Today, I'd like to expound a bit on the life of another area resident, Shirley Omer, who died on April 6 at Prairie View Retirement Home in Sanborn, Iowa.
Omer, 89, was an institution of sorts in Primghar and in Northwest Iowa journalism. The Sanborn High School graduate moved to Primghar in 1956, opting to live in a community where her brother-in-law, Harold Grafton, operated the O'Brien County Bell newspaper.
Shirley began working at The Bell and would one day become owner and editor, serving a publication for more than a half-century.
Thirty-one years ago, Shirley received the Master Editor Publisher Award from the Iowa Newspaper Association. She also earned the Gov. Robert Ray Leadership Award.
Jim Thompson, who served as Primghar mayor for 24 years, recalled Shirley's presence as a member of the city council when he worked for the City of Primghar in the 1970s.
"Shirley was super well-educated, always fighting for the employees," Thompson said.
"She was the only woman on the city council (in a time) when women were not supposed to," said Leann Blank, a former Primghar resident who came to know Shirley as a family friend. "You'd always see her marching down the street and going into business places, speaking up and standing up."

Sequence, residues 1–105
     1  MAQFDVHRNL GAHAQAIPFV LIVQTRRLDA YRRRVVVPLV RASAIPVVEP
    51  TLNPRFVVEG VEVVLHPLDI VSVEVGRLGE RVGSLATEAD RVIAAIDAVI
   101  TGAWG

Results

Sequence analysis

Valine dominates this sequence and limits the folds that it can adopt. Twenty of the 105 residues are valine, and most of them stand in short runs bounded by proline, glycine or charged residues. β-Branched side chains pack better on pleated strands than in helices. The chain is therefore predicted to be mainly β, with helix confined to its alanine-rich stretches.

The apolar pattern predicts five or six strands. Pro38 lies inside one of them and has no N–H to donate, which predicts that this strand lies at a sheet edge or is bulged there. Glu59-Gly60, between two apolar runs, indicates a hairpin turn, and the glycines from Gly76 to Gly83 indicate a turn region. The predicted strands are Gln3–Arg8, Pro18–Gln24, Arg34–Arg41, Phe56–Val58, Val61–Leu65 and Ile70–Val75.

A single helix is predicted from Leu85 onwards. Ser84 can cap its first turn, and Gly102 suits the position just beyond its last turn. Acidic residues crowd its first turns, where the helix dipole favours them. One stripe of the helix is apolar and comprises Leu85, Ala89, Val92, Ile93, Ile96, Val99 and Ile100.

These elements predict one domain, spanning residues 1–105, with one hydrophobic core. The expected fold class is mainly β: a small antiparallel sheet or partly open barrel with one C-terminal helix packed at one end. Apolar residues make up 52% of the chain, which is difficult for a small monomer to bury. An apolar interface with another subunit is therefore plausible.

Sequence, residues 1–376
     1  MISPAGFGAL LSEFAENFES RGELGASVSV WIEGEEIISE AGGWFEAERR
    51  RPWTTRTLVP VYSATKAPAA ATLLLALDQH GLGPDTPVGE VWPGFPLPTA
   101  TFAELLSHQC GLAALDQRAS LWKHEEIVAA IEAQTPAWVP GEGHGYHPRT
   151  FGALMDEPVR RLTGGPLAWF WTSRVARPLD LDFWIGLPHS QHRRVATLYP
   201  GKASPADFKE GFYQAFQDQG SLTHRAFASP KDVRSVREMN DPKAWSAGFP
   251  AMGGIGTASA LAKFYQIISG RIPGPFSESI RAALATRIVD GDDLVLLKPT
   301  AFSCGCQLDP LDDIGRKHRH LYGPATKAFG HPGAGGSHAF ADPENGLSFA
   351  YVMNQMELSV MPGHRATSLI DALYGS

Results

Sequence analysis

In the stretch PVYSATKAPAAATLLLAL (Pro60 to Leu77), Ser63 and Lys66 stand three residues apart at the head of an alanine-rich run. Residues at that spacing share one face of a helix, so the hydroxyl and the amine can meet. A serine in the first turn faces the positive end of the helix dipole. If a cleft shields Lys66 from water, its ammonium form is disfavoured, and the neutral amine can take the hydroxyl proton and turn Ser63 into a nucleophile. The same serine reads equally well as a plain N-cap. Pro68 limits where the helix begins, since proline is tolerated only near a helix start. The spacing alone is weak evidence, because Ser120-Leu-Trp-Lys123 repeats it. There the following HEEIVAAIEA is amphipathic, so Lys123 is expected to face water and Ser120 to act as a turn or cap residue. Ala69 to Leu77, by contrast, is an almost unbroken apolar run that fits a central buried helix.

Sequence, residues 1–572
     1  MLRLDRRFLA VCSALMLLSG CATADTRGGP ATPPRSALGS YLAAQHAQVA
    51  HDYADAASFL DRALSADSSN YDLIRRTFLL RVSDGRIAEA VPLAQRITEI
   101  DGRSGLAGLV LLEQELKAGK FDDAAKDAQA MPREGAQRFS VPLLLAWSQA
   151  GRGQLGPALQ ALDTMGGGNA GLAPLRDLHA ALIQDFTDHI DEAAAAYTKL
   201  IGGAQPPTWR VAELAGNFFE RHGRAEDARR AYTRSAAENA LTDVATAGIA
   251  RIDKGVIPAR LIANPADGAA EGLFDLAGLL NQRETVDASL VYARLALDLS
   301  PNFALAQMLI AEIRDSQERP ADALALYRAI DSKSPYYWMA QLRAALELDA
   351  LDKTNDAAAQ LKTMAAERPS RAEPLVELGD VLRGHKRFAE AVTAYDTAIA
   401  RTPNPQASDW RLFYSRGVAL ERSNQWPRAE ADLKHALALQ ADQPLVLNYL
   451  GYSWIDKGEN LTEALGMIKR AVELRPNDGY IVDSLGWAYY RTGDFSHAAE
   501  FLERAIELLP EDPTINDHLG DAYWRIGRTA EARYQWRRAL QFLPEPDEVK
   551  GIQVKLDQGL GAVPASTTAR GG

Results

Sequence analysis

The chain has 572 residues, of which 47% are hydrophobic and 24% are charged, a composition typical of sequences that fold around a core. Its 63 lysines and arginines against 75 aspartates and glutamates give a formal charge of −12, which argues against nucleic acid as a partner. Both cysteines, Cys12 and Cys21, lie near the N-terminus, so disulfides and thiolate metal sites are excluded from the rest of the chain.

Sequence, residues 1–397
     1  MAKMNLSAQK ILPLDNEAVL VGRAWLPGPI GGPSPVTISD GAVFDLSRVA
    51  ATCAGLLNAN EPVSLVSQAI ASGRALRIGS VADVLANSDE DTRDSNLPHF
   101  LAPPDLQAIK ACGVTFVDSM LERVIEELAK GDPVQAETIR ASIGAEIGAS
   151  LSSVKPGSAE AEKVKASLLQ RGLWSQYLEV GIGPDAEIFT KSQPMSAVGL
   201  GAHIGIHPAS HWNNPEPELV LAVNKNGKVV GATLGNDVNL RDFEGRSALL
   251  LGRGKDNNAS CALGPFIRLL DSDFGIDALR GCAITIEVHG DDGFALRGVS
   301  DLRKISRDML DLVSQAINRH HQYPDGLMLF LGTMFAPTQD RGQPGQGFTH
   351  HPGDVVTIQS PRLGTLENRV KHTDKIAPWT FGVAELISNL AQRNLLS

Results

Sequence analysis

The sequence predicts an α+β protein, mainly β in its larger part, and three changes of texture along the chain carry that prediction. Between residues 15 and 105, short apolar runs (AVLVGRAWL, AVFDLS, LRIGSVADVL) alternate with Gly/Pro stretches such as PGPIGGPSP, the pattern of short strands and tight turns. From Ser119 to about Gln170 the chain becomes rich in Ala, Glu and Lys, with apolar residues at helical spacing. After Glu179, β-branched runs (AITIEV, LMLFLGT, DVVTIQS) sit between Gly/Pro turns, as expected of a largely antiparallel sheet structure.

Blank would traipse into Shirley's office at The Bell whenever she needed help in writing something, even something as personal as the eulogy Blank would deliver for her father.
"Shirley helped me," she said. "That's what I remember."
Shirley Omer was also a part-owner of the Northwest Iowa Publishers. She served as a director at the Primghar Community Playhouse, the town's chamber of commerce, its housing board and community betterment group.
According to Blank, few in town fought harder for the Baum Harmon Mercy Hospital in town.
And while Shirley had been a resident of the Prairie View Retirement Home since 2008, she was long remembered for her work throughout the O'Brien County seat.
"Shirley encouraged people and made them feel welcome," said Terry Morris, who moved to Primghar with his wife, Barbara, in 1977, intent on running Morris Apothecary, which later became Barama Drug.
"The Bell was a nice little hometown newspaper," Morris added. "Shirley ran it and then got involved in the publishing company. She covered local events, like the community playhouse, the Jaycee races, and more."
Shirley Omer, he continued, was an inspiration to behold as a small-business owner in Primghar.
"Shirley treated everyone wonderfully," he said. "She was just a joy to be around."
"I don't want people to forget her," said Blank, who now resides near Seattle, Washington. "Please remember Shirley's smile, her wit, her ferociousness. If you were lucky enough to be her friend, it was a gift."